There’s no wide angle viewing tech or One Connect box, but this is, after all, an affordably priced QLED. It still has a direct backlight and local dimming panel, so black levels and contrast remain very good. While it’s not as bright as the top models, HDR images still pop with vibrancy. If you’re seeking a QLED panel but aren’t keen to fork out a substantial amount of cash, the Q70R warrants your consideration.
A competitively priced 4K OLED TV
- Impressive picture quality
- Great blacks and contrast
- Simple and effective smart platform
- Dolby Vision and Atmos
- Competitively priced
- Limited HDR brightness
- No HDR10+ support
Hisense has made a name for itself in the UK for its aggressively priced LCD TVs. Now it’s trying to achieve a similar reputation for affordable quality with its first OLED, the O8B.
While HDR performance is affected by the set’s limited brightness, picture quality is impressive, with fine black levels and a natural, accurate look. The VIDAA interface is simple, responsive and effective, and sound is boosted by Atmos compliance. Hisense’s first outing in the OLED arena is a strong performer.
A mid-range TV that should worry pricier TVs
- Excellent contrast for a mid-range TV
- Impressive colours and sharpness
- Class-leading motion processing
- Android TV is still a clumsy smart TV system
- Occasional backlight blooming around bright objects
- Limited viewing angles
Sony was the first to bring its 2018 stock to market. It started strong and has maintained momentum in 2019. Curiously, rather than going big with its flagship model, the company has focused on its upper-mid-range model: the Sony XF90.
The XF90 is a direct-lit model, which is a rare treat these days, with direct backlighting and local dimming that are far superior to the common edge-lit/zonal dimming configuration. If you are seeking good contrast and finding that the top OLED models are just out of your price range, the XF90 is well worth checking out.
How to choose the right TV for you
- Panasonic’s 2019 4K HDR and HD TV line-up explained
- Sony TVs 2019: What you need to know before you buy Bravia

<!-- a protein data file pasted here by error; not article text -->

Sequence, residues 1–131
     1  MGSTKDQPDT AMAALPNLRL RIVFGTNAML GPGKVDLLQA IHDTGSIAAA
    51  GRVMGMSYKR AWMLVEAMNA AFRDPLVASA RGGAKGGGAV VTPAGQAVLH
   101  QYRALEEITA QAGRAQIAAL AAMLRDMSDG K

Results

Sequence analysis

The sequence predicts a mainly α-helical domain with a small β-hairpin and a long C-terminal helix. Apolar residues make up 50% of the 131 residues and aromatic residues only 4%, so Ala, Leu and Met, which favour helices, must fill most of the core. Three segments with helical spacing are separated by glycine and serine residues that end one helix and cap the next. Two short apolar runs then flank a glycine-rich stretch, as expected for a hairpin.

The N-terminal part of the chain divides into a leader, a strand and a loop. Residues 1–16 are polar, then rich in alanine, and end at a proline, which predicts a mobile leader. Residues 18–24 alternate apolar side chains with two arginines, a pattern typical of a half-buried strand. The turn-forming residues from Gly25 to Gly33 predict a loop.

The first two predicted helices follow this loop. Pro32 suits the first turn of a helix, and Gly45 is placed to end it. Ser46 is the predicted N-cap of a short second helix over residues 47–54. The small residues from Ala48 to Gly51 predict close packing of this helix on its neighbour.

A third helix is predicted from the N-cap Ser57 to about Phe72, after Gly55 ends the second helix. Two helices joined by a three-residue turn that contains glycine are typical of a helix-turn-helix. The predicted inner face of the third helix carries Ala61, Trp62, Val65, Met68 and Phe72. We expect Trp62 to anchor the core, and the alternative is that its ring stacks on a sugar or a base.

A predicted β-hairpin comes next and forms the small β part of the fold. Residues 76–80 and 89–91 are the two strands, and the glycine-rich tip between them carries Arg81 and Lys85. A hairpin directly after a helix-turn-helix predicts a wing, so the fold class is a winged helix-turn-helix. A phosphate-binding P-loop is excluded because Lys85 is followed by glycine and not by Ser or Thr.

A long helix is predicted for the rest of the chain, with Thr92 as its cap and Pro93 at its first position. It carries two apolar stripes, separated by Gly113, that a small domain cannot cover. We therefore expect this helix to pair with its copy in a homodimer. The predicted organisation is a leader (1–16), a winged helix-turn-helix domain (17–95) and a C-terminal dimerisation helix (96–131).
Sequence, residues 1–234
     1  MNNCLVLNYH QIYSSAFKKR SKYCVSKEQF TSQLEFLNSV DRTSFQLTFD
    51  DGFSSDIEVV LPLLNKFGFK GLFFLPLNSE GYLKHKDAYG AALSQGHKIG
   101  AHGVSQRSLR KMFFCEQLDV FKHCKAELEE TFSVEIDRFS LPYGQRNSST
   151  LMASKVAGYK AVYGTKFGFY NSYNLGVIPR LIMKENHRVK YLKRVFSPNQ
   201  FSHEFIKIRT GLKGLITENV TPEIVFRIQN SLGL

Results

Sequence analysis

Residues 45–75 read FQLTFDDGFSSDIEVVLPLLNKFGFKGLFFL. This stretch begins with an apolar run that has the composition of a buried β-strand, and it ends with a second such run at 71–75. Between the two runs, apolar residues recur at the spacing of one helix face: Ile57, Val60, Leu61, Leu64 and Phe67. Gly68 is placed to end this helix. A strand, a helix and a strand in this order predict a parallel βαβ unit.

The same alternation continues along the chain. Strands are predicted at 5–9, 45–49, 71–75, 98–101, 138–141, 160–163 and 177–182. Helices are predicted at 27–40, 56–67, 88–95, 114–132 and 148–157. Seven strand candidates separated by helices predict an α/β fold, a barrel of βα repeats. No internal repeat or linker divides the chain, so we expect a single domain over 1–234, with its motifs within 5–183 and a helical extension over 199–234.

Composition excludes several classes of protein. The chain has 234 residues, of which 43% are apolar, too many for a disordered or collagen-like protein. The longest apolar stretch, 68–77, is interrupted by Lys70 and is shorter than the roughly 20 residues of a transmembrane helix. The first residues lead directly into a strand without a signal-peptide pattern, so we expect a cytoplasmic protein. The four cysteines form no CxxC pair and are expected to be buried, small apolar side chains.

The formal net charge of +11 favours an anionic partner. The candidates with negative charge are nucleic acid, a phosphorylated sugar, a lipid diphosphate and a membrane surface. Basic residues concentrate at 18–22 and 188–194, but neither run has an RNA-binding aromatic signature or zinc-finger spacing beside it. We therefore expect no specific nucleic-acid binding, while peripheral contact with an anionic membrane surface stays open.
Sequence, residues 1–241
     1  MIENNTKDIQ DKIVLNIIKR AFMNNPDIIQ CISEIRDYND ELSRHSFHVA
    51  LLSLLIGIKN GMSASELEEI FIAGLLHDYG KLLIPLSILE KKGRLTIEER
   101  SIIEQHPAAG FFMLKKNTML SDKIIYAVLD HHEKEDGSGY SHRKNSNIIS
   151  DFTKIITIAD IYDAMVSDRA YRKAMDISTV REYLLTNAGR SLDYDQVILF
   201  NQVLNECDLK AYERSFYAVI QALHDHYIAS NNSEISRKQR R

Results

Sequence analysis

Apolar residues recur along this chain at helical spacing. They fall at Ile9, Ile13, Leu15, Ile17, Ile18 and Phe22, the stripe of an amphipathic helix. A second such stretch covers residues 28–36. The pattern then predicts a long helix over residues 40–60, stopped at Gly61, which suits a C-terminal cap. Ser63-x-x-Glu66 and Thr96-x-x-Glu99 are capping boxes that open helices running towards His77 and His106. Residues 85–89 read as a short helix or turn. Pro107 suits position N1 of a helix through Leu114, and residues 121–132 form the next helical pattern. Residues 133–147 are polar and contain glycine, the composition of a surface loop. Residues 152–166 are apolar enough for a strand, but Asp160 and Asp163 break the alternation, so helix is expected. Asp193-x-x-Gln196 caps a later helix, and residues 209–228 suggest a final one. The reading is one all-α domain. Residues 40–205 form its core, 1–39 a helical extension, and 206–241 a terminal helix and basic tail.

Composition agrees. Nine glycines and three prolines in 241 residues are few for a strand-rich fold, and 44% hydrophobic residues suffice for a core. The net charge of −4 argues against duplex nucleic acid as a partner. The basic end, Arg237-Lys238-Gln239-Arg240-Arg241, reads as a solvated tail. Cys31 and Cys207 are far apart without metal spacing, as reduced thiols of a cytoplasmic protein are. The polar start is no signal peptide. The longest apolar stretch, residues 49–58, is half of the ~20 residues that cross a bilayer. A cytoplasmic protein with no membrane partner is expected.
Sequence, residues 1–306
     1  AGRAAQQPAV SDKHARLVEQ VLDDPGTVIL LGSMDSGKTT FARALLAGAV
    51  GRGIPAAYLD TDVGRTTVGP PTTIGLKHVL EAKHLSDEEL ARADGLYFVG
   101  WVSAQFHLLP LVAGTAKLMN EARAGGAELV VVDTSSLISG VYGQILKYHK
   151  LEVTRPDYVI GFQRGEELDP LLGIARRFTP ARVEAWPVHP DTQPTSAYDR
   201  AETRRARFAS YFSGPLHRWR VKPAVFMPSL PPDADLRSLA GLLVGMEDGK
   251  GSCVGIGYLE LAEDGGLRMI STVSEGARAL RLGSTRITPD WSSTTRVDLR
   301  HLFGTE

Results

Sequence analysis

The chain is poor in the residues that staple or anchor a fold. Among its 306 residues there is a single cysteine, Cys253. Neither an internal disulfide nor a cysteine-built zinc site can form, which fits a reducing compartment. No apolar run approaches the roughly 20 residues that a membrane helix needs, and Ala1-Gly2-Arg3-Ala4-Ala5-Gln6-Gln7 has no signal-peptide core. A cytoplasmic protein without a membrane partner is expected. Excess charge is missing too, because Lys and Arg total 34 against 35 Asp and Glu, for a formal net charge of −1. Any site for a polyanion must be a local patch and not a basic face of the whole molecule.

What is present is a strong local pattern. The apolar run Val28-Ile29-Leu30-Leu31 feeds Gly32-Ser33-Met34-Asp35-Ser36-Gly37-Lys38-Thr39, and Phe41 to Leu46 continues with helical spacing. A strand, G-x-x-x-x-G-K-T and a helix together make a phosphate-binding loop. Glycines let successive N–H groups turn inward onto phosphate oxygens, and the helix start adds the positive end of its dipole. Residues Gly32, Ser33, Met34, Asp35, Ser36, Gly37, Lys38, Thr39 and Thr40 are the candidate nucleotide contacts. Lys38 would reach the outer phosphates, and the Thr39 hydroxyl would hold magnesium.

- Samsung QLED TVs 2019: Every new Samsung 4K TV explained
- Philips TVs 2019: Every new OLED, LCD, 4K and HD model explained
- LG TV 2019: Every OLED and NanoCell 4K TV explained
What is full HD vs 4K/UHD?
Most TVs are Full HD, which gives you a resolution of 1920 x 1080 pixels. However, Full HD is gradually being overtaken by Ultra HD (commonly known as UHD or 4K), which gives you a resolution of 3840 x 2160.
That’s four times the number of pixels, generally crammed into the same TV sizes. It means greater sharpness, detail and clarity.
There used to be a real lack of 4K content, but these days there is plenty to stream from Netflix and Amazon Video – and you can buy 4K Blu-rays. Read our What is 4K TV and Ultra HD? guide to find out more.
What does HDR mean?
HDR stands for high dynamic range. Essentially it promises a wider range of brightness, colour and contrast – because your eyes can perceive more information than TVs have traditionally been able to display.
There’s not much content mastered in HDR yet, but there is plenty on the way – this is the next big thing in the world of TVs. Read our guide: What is HDR TV?
What are LCD/LED vs OLED vs QLED TVs?
Plasma TVs are no more, so most TVs are either LCD (often referred to as LED) or OLED.
LCD is the most common, though there’s a big difference between the cheapest and most expensive LCD TVs due to the types of backlight, panel and processing technologies used. You get what you pay for.
OLED is a relatively new technology and it’s expensive, but it’s seen as a natural successor to plasma technology. Unlike LCD, OLED pixels produce their own light, so there’s no need for backlighting or edge lighting. That means screens can be made thinner and more flexible too. Contrast and rich colours are also OLED strengths, although LCD screens are generally brighter. Read our guide: OLED vs LED LCD.
QLED is a tricky one. In the past few years QLED has been used to refer to a theoretical self-lighting technology, similar to OLED. But now Samsung is using the QLED name to refer to its latest Quantum Dot TVs. This is still LCD technology, albeit one with fancy crystals. Consider this a beefed-up version of LCD, rather than an entirely new category.
For more detail, take a look at our guide: What is QLED?
Related: Best deals for TVs
How we test TVs
Our crack team of expert TV reviewers use both the naked eye and specialist tools to check every set they test for contrast, black levels, maximum brightness and input lag, plus any hint of backlight bleed, blooming or anything else that might spoil your viewing enjoyment.
A variety of test footage is used to cover every type of scene, so we can assess a TV’s strengths and weaknesses, as well as how it performs against the competition. Sound quality isn’t forgotten, either – we give the built-in speakers a thorough listen to determine whether you’ll need to invest in a soundbar or speaker system to beef things up.
Read our full guidelines on how we test TVs.